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Micanopy Florida – The Little Town That Time Forgot

September 18, 2020 by Corey A Edwards

Micanopy FloridaMicanopy FL, a tiny town 12 miles south of Gainesville, is more than meets the eye. Not only is it Florida’s oldest, continually inhabited inland settlement, with 38 buildings on the National Historic Register, it’s also an antiquers paradise and served as backdrop for two major motion pictures.

Micanopy (Mick-ah-NO-pee) may be exceedingly small, with a one square mile footprint and just under 650 residents, but it’s also Old Florida at its best.

Massive live oaks draped in Spanish moss shade turn-of-the-century buildings housing antiques shops, gift shops, and outdoor cafes. In fact, nearly all of Micanopy is a historic district.

The town, named after the Seminole chief of the Second Seminole War, started out as an Indian trading post in 1821. While much of the town had to be rebuilt after the Second Seminole War in the 1830s, those buildings are now on the National Register of Historic Places.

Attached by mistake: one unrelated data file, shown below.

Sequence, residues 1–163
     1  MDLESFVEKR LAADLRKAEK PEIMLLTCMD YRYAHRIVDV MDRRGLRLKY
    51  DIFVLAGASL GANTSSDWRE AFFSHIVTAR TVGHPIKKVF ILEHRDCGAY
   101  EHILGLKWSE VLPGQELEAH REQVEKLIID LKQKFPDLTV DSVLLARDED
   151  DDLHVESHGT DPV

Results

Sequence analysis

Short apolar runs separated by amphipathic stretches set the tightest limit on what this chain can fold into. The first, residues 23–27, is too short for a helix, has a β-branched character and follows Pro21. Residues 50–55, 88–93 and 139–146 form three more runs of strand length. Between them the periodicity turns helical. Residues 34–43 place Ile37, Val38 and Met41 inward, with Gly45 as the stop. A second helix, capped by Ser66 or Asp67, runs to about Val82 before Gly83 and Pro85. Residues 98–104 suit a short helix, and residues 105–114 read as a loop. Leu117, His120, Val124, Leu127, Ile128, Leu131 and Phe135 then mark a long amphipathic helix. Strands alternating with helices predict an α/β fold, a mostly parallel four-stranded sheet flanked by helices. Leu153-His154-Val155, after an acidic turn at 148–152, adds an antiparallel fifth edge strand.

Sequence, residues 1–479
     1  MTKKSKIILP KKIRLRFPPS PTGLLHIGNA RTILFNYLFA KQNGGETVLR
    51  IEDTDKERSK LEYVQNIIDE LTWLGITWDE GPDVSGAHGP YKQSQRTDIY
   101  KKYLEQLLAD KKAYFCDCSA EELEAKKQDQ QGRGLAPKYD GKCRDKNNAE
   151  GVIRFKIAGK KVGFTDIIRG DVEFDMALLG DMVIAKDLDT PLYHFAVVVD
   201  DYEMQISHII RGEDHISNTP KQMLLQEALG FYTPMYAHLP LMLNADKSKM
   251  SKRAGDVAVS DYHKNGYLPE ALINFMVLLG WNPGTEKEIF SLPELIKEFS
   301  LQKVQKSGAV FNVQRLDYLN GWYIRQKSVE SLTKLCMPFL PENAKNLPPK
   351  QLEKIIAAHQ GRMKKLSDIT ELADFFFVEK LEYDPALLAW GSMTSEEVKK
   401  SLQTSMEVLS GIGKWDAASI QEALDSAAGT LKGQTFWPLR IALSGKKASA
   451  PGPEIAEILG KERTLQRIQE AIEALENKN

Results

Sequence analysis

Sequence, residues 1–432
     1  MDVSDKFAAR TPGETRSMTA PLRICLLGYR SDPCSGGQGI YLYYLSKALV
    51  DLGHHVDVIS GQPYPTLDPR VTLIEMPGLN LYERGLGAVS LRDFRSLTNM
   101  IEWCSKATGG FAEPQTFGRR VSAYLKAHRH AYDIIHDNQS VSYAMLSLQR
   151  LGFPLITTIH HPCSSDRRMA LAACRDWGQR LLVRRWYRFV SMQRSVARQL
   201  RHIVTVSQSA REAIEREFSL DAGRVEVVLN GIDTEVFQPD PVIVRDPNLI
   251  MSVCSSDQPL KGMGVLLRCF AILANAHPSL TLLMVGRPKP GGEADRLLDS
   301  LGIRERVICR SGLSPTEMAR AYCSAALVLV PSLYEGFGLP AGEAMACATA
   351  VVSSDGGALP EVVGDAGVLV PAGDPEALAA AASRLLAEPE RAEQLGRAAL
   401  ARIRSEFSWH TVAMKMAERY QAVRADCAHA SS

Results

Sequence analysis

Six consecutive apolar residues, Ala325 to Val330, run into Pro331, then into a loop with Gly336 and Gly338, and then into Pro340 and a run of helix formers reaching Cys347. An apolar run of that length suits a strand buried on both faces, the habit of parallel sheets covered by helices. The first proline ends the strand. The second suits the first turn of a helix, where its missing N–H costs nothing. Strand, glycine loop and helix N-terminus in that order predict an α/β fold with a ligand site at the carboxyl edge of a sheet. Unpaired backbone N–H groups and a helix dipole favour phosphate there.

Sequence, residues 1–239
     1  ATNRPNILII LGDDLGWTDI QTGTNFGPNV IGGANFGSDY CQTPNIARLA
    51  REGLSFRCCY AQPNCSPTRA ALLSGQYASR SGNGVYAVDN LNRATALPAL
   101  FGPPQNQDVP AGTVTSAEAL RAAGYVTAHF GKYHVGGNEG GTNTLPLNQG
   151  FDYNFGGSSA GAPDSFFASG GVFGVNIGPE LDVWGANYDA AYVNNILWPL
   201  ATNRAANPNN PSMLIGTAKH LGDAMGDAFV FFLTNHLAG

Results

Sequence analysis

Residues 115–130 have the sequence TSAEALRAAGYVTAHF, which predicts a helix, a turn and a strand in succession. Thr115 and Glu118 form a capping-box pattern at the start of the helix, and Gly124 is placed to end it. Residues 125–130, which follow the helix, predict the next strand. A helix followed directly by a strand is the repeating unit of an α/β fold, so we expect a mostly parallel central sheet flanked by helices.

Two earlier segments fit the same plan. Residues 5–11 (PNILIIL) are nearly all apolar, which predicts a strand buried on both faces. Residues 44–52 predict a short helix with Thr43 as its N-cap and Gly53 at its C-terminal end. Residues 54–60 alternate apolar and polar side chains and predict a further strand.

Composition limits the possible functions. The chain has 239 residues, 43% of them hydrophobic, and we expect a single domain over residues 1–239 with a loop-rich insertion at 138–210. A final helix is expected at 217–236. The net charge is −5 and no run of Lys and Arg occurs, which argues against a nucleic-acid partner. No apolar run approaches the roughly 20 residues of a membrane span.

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Visit Marjorie Kinnan Rawlings Historic State Park

April 15, 2019 by Corey A Edwards

Marjorie Kinnan Rawlings Historic State ParkStep back in time to 1930’s Floirda farm life with a visit to Marjorie Kinnan Rawlings Historic State Park. This historic, cracker-style, farmstead was home to the Pulitzer prize-winning author of “The Yearling” and many other books.

Marjorie Kinnan Rawlings (1896 – 1953) was an American author who’s best known work, “The Yearling,” earned her the Pulitzer Prize for fiction in 1939. Rawlings also happened to be a resident of rural North Central Florida, a fact clearly reflected in much of her writing.

Other Rawlings titles include “South Moon Under,” “Golden Apples,” “When the Whippoorwill,” “Cross Creek Cookery,” and “The Sojourner.”

Fans of the “The Yearling,” whether the novel or the 1946 film starring Jane Wyman and Gregory Peck, will be excited to know that it was written right here at the author’s Florida farm. The backwoods homestead and surrounding “Cracker” country were a major inspiration for the work.

Of course, you don’t have to be a fan of the author to enjoy visiting the park! Marjorie Kinnan Rawlings historic homestead has been restored to how it was when she lived here in the 1930’s.

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